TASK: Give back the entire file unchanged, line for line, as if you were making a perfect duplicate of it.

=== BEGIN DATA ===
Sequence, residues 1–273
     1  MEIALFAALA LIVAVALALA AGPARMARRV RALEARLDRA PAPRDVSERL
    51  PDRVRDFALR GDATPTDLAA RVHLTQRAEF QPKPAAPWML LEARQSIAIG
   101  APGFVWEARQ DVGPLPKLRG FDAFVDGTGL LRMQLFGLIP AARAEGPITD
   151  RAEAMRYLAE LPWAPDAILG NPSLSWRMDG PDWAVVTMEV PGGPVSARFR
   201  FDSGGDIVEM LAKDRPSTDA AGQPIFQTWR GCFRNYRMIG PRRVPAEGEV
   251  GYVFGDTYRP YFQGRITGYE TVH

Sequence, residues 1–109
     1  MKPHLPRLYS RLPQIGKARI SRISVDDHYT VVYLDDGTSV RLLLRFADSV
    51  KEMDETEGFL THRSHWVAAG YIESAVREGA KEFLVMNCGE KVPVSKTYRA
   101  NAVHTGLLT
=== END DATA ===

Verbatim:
Sequence, residues 1–273
     1  MEIALFAALA LIVAVALALA AGPARMARRV RALEARLDRA PAPRDVSERL
    51  PDRVRDFALR GDATPTDLAA RVHLTQRAEF QPKPAAPWML LEARQSIAIG
   101  APGFVWEARQ DVGPLPKLRG FDAFVDGTGL LRMQLFGLIP AARAEGPITD
   151  RAEAMRYLAE LPWAPDAILG NPSLSWRMDG PDWAVVTMEV PGGPVSARFR
   201  FDSGGDIVEM LAKDRPSTDA AGQPIFQTWR GCFRNYRMIG PRRVPAEGEV
   251  GYVFGDTYRP YFQGRITGYE TVH

Sequence, residues 1–109
     1  MKPHLPRLYS RLPQIGKARI SRISVDDHYT VVYLDDGTSV RLLLRFADSV
    51  KEMDETEGFL THRSHWVAAG YIESAVREGA KEFLVMNCGE KVPVSKTYRA
   101  NAVHTGLLT